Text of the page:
A Theory of Semiotics

A Theory of Semiotics

A Theory of Semiotics

A Theory of Semiotics

Synopsis

..". the greatest contribution to [semiotics] since the pioneering work of C. S. Peirce and Charles Morris." -- Journal of Aesthetics and Art Criticism..". draws on philosophy, linguistics, sociology, anthropology and aesthetics and refers to a wide range of scholarship... raises many fascinating questions." -- Language in Society..". a major contribution to the field of semiotic studies." -- Robert Scholes, Journal of Aesthetics and Art Criticism..". the most significant text on the subject published in the English language that I know of." -- Arthur Asa Berger, Journal of CommunicationEco's treatment demonstrates his mastery of the field of semiotics. It focuses on the twin problems of the doctrine of signs -- communication and signification -- and offers a highly original theory of sign production, including a carefully wrought typology of signs and modes of production.

Excerpt

A preliminary and tentative version of this text (dealing with a semiotics of visual and architectural signs) was written and published in 1967 as Appunti per una semiologia delle comunicazioni visive. A more theoretically oriented version – offering an overall view of semiotics and containing a longepistemological discussion on structuralism – was published in 1968 as La struttura assente. I worked for two years on the French, German, Spanish and Swedish translations (only the Yugoslavian, Polish and Brazilian ones appeared with sufficient speed to reproduce the original Italian edition without any addition) re-arranging and enlarging the book – and correcting many parts of it to take into account reviews of the first Italian edition. The result was a book half way between La struttura assente and something else. This ‘something else’ appeared in Italian as a collection of essays, Le forme del contenuto, 1971.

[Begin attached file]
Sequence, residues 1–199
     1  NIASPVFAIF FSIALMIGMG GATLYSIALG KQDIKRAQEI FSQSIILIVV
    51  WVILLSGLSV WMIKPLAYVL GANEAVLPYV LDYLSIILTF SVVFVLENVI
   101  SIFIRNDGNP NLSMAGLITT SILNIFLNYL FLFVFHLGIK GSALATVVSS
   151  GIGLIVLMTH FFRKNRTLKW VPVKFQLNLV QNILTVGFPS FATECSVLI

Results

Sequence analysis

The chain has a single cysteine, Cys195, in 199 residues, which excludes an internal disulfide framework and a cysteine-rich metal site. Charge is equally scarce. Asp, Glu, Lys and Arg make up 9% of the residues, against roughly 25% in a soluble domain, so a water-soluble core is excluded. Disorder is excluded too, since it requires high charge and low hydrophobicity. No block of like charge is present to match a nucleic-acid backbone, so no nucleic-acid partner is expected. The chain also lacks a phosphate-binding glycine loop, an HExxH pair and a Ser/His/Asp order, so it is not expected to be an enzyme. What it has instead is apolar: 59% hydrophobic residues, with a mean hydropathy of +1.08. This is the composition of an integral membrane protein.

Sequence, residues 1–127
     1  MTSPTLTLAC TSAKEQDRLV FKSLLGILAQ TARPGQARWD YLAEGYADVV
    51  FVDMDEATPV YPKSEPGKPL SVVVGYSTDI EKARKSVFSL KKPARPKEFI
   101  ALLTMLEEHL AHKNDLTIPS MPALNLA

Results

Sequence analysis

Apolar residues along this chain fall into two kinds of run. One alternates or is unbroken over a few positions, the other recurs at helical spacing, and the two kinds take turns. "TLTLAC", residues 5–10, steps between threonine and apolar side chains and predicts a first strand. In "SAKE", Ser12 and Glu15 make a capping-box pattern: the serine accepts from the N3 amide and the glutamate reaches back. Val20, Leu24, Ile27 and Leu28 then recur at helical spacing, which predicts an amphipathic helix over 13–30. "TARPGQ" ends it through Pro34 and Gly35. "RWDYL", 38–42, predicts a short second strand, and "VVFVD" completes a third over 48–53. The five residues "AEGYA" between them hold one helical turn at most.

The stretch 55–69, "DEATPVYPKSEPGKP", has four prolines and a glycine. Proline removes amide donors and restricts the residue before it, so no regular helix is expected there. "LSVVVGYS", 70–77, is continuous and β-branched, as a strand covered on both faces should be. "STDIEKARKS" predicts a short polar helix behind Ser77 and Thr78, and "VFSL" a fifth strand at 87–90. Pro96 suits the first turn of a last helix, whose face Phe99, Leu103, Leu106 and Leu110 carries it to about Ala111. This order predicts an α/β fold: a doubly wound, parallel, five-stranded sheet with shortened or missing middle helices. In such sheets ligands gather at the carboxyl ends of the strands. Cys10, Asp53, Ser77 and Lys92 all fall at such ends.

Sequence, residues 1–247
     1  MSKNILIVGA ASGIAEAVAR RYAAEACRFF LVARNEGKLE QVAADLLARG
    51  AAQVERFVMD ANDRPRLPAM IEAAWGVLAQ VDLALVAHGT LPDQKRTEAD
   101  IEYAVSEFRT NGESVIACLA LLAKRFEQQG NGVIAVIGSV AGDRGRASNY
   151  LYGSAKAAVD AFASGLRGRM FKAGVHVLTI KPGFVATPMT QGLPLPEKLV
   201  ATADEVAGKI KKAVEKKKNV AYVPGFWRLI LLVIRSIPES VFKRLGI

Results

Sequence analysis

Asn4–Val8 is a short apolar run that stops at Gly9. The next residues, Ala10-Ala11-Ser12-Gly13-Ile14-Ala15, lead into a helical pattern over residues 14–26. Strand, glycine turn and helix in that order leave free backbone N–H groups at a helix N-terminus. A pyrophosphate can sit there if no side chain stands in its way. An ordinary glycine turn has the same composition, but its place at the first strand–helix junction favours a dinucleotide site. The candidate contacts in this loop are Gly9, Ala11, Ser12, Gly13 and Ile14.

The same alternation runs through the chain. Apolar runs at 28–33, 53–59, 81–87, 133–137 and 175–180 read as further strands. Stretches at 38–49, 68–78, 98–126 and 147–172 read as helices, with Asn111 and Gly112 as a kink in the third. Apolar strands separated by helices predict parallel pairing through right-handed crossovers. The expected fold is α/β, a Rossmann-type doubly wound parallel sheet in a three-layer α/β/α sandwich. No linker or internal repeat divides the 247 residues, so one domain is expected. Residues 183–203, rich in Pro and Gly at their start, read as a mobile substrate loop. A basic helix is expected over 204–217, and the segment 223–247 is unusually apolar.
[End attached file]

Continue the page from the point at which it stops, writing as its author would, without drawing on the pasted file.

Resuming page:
As for the English version, after two unsatisfactory attempts at translation and many unsuccessful revisions, I decided (in 1973) to give up and to re-write the book directly in English – with the help of David Osmond-Smith, who has put more work into adapting my semiotic pidgin than he would have done if translating a new book, though he should not be held responsible for the results of this symbiotic adventure. To re-write in . . .

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